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Duke University settles research misconduct lawsuit for $112.5 million

Duke University will pay $112.5 million to the U.S. government to settle a lawsuit brought by a former employee who alleged that the university included falsified data in applications and reports for federal grants worth nearly $200 million. The university will also take several steps “to improve the quality and integrity of research conducted on campus,” including the creation of a new advisory panel that will provide recommendations to the president, the Durham, North Carolina, institution said in a statement released today.

Late last year, ScienceInsider reported that Duke and federal prosecutors had moved to settle the case, but no details were available. It had drawn close attention from other universities, in large part because it involved a federal whistleblower law, the False Claims Act, that has rarely been used to address scientific misconduct. Under the law, Duke biologist Joseph Thomas, who filed the lawsuit in 2014, could receive as much as 30% of any settlement reached between the United States and the university. (RetractionWatch has reported Thomas will receive $33.8 million.)

Thomas alleged that Duke biologist Erin Potts-Kant—a co-author on numerous papers that are now retracted—included fraudulent data in 60 grant reports and funding applications to U.S. agencies. “Duke discovered the possible research misconduct in 2013 after [Potts-Kant] was fired for embezzling money from the university, which also occurred over the same period,” the university noted in a statement released today. Potts-Kants “eventually pled guilty to two counts of forgery and paid restitution to Duke.”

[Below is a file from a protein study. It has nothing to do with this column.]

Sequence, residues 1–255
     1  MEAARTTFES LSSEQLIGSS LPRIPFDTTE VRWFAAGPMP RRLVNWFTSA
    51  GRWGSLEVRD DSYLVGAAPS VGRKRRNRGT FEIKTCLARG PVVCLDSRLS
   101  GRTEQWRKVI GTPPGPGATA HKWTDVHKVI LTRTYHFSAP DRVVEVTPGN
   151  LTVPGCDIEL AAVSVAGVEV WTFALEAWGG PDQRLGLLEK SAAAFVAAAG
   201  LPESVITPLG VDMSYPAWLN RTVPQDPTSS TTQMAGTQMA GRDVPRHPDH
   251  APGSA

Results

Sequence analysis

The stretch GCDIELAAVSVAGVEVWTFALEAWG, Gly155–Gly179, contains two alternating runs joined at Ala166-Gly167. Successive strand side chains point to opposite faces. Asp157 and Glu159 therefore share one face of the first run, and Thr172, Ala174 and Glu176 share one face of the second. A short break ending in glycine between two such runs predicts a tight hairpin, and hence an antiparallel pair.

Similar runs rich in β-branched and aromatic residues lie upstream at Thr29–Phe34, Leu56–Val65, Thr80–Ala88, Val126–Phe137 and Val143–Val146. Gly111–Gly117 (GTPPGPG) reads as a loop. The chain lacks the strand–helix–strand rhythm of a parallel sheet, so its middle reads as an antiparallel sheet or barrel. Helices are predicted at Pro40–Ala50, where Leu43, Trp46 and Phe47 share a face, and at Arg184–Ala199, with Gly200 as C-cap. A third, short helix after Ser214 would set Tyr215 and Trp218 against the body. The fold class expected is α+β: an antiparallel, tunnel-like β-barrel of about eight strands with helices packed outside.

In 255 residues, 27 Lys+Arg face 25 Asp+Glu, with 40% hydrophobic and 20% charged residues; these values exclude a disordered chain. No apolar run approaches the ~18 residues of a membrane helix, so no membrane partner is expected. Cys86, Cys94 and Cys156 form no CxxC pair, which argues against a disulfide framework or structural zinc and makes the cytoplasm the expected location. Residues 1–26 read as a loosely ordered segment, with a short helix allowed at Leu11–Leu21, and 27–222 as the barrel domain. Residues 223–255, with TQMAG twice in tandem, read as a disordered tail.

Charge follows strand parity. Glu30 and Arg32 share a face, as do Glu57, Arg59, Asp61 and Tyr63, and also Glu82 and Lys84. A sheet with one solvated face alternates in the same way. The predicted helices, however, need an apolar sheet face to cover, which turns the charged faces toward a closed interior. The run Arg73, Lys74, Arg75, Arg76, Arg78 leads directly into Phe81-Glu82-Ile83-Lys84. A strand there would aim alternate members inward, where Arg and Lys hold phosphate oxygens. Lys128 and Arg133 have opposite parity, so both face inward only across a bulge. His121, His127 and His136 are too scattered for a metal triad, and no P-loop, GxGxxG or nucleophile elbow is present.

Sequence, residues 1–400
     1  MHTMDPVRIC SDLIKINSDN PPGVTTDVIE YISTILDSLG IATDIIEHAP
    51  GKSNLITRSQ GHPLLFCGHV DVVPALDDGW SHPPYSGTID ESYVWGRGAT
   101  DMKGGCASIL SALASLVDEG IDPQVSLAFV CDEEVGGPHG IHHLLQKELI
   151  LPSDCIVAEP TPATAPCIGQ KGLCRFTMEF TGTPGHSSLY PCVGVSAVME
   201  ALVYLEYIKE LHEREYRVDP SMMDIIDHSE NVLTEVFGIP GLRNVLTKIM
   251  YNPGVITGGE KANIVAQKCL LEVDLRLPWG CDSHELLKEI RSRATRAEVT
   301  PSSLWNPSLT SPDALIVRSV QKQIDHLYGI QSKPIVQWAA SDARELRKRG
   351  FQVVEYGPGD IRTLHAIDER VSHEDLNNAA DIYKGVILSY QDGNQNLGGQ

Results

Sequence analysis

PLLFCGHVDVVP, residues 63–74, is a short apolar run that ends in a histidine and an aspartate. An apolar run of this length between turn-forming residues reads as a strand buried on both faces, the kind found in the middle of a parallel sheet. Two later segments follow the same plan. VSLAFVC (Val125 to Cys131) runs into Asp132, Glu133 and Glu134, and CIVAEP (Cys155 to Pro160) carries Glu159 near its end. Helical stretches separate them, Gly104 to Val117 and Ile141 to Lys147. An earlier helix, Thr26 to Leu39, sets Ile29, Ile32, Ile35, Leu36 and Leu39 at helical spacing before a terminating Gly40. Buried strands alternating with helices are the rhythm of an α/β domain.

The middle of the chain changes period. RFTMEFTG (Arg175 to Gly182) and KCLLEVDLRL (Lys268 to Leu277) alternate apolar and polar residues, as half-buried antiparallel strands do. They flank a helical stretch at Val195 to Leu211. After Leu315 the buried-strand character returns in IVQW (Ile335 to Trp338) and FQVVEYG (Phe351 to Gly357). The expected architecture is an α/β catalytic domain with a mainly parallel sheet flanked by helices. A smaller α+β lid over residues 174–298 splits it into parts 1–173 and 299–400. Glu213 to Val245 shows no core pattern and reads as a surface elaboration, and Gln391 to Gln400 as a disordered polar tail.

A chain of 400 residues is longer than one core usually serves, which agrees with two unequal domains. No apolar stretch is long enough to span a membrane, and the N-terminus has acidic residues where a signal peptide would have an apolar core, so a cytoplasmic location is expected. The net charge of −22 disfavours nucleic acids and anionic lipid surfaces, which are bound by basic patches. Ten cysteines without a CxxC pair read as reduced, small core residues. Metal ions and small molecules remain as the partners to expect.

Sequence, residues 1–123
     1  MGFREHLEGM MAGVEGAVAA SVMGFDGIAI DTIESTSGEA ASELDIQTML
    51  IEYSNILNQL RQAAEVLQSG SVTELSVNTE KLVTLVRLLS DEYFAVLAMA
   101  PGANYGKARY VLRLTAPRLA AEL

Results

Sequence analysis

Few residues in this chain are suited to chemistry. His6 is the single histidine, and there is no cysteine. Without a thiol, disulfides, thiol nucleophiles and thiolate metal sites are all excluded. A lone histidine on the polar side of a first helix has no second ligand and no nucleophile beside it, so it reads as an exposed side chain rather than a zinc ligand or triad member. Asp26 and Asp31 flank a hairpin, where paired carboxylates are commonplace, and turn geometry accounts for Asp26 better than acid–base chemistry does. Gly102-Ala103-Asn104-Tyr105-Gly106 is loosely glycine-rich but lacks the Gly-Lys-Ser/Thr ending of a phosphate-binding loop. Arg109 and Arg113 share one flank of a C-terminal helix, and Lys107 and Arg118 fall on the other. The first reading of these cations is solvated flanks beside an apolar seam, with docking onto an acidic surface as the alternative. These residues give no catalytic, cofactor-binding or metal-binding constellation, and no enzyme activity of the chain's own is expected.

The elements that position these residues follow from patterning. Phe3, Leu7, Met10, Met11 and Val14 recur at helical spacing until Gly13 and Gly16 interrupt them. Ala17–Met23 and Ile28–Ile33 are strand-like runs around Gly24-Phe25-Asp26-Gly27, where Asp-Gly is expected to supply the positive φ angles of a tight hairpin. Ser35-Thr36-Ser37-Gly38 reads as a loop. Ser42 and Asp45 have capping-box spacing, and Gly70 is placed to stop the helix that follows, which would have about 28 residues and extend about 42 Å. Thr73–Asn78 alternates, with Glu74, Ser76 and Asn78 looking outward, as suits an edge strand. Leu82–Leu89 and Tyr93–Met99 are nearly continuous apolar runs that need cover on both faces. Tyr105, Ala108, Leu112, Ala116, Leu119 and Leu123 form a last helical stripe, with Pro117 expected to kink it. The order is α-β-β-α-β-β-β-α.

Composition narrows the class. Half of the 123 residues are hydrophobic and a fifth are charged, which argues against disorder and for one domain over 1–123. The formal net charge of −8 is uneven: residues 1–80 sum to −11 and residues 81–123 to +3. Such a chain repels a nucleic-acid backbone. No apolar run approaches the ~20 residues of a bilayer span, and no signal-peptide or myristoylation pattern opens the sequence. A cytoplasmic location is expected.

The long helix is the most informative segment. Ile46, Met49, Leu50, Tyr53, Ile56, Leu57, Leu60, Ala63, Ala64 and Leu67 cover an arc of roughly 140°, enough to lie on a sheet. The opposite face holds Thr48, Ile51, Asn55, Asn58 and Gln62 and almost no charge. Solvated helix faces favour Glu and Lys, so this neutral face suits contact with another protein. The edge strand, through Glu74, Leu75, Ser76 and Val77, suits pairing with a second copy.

“This settlement, which results primarily from willful misconduct that took place in one laboratory, but which affected the work of many more researchers, should not diminish the life-changing and life-saving work that takes place at every day at Duke,” said Duke University President Vincent Price in the statement. “Our difficulties in ferreting out and ending such misconduct remind us that important work remains to be done.”

Duke’s new Advisory Panel on Research Integrity and Excellence, to be chaired by pediatric microbiologist and former research dean of Stanford University in Palo Alto, California, Ann Arvin, will examine ways of “improving the structure and function of research administration, with a focus on promoting research integrity,” the statement says. It is expected to provide its recommendations to Price by 30 June.